Feeding our future

November 1, 2017

Feeding our future

The saying, ‘From little things, big things grow,’ has taken on a new meaning for Robyn Cook, who is teaching hundreds of young students not only how to grow and cook their own food, but how to turn their endeavour into a social and business enterprise – they are the future.

“Ten-year-old kids make pasta by hand all the time. It’s astonishing,” Robyn Cook says proudly, introducing me to the Kitchen Garden Teacher project.

It’s not about what was on MasterChef, it’s about walking into the garden and seeing they have some basil, cherry tomatoes and silverbeet and in the pantry we’ve got some flour, eggs and salt – we can make pasta. We’re showing the children a low cost way of creating healthy meals using the ingredients you have on hand, being very resourceful and adaptable and it’s affordable.”

School gardens have a long and rich history dating back to the early 1900s, whereby they served a practical purpose of feeding the children whose families didn’t have enough food at home.

In the 1960s, they fell out of favour for 15 years, before teachers realised gardens offered more than just food, they became practical ways of incorporating learning. Then in the early 2000s, there was a widespread resurgence with schools introducing gardens into the curriculum, and in 2004 Stephanie Alexander introduced the kitchen element.

At that time, Robyn was running the kitchen garden project at Chevallum State School, the first school on the Sunshine Coast and one of nine in Queensland to receive a $60,000 grant for the development of the program.

What we had to do was develop the program so teachers could see the fundamental benefit of children working in an environment that was completely different from the classroom,” Robyn says, explaining some children were able to learn more efficiently when they were practically working with materials.

“One of the Year 7 teachers from Golden Beach State School told me he had a young girl in his class who didn’t comprehend fractions, then when they started kitchen classes, she suddenly understood fractions because she had to measure ingredients in a ¼ cup, ½ cup and 2 cups. Using fractions in such a practical way, in creating something you’re going to eat, cements the connection for the kids they don’t always get in other ways.”

Along with improving their ability to learn through practical application, and providing alternative education stimulation, students also learn about responsibility.

Upon leaving her post at Chevallum as the garden teacher, Robyn worked as the Queensland project officer for the Stephanie Alexander Kitchen Garden Foundation, before moving onto the national training team, travelling around the country training teachers and principals on how to develop the program.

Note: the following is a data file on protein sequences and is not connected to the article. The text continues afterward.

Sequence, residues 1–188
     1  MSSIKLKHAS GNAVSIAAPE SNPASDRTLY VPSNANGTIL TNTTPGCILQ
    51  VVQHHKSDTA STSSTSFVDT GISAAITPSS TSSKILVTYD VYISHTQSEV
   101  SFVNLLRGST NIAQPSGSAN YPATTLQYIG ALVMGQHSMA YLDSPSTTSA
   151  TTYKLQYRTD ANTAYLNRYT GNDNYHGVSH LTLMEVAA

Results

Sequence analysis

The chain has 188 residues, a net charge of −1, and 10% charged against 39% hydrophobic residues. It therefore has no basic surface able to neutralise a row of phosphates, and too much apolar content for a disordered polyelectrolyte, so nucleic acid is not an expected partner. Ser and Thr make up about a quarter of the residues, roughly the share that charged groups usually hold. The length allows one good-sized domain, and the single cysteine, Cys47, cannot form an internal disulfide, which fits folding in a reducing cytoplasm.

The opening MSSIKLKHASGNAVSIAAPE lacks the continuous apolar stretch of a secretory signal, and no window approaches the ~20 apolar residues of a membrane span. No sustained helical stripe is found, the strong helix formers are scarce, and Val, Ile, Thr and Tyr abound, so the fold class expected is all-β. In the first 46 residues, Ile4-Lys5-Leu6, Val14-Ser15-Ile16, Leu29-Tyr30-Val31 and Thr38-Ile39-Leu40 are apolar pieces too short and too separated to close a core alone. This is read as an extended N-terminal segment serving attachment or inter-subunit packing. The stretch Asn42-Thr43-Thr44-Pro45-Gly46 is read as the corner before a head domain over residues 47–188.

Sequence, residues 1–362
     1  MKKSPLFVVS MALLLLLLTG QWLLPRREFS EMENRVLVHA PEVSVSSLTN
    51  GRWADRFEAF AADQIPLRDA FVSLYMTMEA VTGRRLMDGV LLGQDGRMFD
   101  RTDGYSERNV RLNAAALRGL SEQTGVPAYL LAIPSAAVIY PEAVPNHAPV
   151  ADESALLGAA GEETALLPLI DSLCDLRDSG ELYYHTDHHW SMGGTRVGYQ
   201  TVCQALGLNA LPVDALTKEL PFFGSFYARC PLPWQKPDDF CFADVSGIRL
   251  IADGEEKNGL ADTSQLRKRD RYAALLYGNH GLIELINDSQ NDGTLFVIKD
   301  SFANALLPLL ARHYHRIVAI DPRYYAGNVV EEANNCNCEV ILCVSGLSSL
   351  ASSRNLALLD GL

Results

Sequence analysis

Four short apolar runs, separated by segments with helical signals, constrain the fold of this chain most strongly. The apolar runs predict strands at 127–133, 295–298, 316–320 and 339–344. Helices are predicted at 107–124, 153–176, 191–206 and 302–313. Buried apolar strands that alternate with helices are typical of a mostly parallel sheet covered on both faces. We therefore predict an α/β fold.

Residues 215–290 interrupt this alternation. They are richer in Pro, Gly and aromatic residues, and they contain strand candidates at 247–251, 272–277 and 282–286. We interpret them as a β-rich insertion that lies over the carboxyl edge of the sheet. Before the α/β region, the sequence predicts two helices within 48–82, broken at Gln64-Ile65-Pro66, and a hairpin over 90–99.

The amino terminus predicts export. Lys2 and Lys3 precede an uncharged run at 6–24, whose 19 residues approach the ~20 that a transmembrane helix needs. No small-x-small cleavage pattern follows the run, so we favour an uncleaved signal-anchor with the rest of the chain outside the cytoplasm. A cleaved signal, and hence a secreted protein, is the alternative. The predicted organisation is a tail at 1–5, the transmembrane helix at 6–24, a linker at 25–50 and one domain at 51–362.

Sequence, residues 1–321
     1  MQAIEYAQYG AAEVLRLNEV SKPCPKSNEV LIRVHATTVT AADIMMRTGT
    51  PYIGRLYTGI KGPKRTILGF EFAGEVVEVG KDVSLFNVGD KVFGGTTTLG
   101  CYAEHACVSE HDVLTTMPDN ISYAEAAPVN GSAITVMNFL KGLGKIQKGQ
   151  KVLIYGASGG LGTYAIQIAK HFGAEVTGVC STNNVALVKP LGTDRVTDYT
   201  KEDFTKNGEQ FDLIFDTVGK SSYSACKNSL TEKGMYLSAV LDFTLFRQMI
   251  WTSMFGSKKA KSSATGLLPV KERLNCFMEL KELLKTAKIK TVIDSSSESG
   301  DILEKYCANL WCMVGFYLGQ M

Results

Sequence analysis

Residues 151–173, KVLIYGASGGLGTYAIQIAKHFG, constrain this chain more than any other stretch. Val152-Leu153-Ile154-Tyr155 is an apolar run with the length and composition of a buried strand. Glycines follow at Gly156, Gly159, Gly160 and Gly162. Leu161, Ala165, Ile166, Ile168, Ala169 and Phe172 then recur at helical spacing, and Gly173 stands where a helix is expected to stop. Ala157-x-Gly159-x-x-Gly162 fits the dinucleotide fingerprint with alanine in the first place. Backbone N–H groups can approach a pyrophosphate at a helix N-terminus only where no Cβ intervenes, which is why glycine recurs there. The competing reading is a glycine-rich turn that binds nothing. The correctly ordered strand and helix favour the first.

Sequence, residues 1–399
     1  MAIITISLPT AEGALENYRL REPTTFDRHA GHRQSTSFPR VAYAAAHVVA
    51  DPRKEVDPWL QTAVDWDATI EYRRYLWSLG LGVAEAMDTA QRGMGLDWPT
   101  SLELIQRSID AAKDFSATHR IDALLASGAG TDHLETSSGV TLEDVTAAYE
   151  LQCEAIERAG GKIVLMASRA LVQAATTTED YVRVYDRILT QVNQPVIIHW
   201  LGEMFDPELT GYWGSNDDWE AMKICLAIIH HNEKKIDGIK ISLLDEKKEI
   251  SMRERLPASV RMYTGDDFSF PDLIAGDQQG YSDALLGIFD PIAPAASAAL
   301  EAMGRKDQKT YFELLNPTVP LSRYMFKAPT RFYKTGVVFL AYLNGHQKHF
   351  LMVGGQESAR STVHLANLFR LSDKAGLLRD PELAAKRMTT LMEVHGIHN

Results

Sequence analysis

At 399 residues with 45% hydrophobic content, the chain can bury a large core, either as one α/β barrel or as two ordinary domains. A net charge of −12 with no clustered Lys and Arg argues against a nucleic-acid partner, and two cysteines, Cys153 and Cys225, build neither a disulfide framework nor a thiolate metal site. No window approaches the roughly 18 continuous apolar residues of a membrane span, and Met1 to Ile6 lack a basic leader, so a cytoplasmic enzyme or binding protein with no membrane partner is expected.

But she found herself being drawn back to her foundations and launched the Kitchen Garden Teacher, and has gone on to work with a number of schools in our greater region, not only in establishing the program, but also navigating financial hurdles and attracting volunteers.

I try and encourage schools to see their kitchen garden project as a social enterprise,” she says.

“I want them to see the difference between having the children write beautiful letters asking businesses to give them something, and instead write to a cafe letting them know they have an awesome composting program and need their food scraps or waste products; or they grow pigeonpea seeds and would you like to buy them?

“It’s the difference between being a funding recipient and an income generator through micro business – it’s very empowering for the children.”

From the perspective of a business owner, Robyn says there is also an opportunity for them to source more of their produce locally, if they aren’t already, and buy direct from their local school.

The kids sitting in classrooms right now are the future of food and we have this amazing recognition of food production on the Sunshine Coast and embracing and celebrating our local food culture, which is fantastic,” she says.

“We need to direct some energy into that area to make them excited and enthusiastic about it, they’re not all going to come out food growers, but they’re all food eaters and if we embrace them on that level, we can continue to develop a culture on the Coast of using our local produce above using produce that’s coming from outside the area.”

The future of our food is in capable hands.

Local schools participating in the kitchen garden teacher program
• Amamoor State School
• Beerwah State School
• Caloundra Christian College
• Chevallum State School
• Conondale State School
• Currimundi Special School
• Eudlo State School
• Golden Beach State School
• Kin Kin State School
• Montessori International College
• Montville State School
• Nambour State Primary School
• North Arm State School
• Peachester State School
• Suncoast Christian College

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